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2022-RA-423-ESGO Symptomatic or asymptomatic recurrence of ovarian cancer: does it influence survival?
  1. Karen Madland1,
  2. Line Bjørge2,3,
  3. Milada Cvancarova Småstuen4,
  4. Anne Dørum5 and
  5. Ingvild Vistad6,7
  1. 1Haukeland University Hospital, Bergen, Norway
  2. 2Department of Clinical Science, University of Bergen and Department of Obstetrics and Gynecology, Centre for Cancer Biomarkers CCBIO, Bergen, Norway
  3. 3Department of Gynecology and Obstetrics, Haukeland University Hospital, Bergen, Norway
  4. 4Department of Nursing and Health Promotion, Oslo Metropolitan University, Oslo, Norway
  5. 5Department of Gynecologic Oncology, Oslo University Hospital, The Norwegian Radium Hospital, Oslo, Norway
  6. 6Department of Gynecology and Obstetrics, Sorlandet Hospital, Kristiansand, Norway
  7. 7Clinical Department 2, University of Bergen, Bergen, Norway


Introduction/Background The survival benefit of monitoring CA125 in ovarian cancer patients after primary treatment is debated due to findings varying from insignificant survival differences to prolonged median overall survival in favor of asymptomatic patients. Hence, we aimed to compare ovarian cancer patients with and without symptoms at time of first diagnosed recurrence in terms of post-recurrence survival and overall survival and to explore time to recurrence and common symptoms at recurrence.

Methodology We included 421 women with ovarian cancer from a prospective multi-institutional Norwegian study of first recurrence of gynecological cancer over the period March 2012 to April 2016. Patients were interviewed by clinicians at the participating hospitals, and patient-reported and clinical variables were recorded in a standardized questionnaire. The Kaplan-Meier method and the multivariate Cox model were used to evaluate post-recurrence survival and overall survival.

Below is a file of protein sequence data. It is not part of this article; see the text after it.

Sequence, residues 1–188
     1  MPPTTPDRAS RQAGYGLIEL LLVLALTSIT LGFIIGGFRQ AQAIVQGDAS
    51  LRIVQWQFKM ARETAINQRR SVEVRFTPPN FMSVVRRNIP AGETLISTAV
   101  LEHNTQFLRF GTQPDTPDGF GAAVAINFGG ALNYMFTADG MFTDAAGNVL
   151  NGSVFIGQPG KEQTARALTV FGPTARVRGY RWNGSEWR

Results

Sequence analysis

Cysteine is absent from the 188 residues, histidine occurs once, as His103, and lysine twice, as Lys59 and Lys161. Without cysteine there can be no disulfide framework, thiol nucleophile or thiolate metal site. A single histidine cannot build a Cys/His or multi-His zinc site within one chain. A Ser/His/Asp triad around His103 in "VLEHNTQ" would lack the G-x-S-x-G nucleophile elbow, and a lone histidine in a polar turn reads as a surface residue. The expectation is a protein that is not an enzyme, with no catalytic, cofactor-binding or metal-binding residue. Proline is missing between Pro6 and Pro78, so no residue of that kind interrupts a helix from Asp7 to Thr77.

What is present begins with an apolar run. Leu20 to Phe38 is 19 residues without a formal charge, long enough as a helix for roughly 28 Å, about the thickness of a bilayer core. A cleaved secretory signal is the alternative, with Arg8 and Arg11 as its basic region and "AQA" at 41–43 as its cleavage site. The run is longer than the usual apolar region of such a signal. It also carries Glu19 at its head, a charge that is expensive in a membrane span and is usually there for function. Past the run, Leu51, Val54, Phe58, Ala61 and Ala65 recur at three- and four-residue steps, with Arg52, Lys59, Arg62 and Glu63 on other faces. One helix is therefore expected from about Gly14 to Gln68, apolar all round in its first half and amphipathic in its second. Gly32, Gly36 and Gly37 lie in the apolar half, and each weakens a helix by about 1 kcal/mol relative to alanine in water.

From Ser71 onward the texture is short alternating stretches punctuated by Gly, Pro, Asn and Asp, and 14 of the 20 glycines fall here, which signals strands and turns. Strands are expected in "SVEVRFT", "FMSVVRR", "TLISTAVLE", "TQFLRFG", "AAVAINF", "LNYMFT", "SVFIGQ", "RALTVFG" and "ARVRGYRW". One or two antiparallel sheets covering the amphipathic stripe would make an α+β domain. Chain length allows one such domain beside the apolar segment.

Results Of the 406 patients included, 183 were diagnosed with asymptomatic recurrence, and 223 had symptoms at recurrence. Asymptomatic patients had their recurrence detected two months later than symptomatic patients (14 versus 12 months, respectively, p=0.17). Median post-recurrence survival was significantly longer in asymptomatic patients compared to patients with symptoms at recurrence (33.9 versus 26.2 months, respectively, p=0.002). The post-recurrence survival rate remained higher for symptomatic patients in the adjusted analysis (HR=1.42, p=0.001). Median overall survival was 47.8 months for asymptomatic patients versus 44.0 months for symptomatic patients in the unadjusted analyses (p=0.056). Asymptomatic patients had a significantly longer survival in the adjusted analysis (HR=1.24, p=0.046). Pain was the most common symptom at recurrence (54%).

Abstract 2022-RA-423-ESGO Figure 1
Abstract 2022-RA-423-ESGO Figure 2

Conclusion Patients with asymptomatic recurrence had better prognosis based on the post-recurrence data and the multivariate Cox regression analysis of overall survival. However, a closer exploration of differences in development of recurrence is needed as these results may give rise to more individualized follow-up for ovarian cancer patients.

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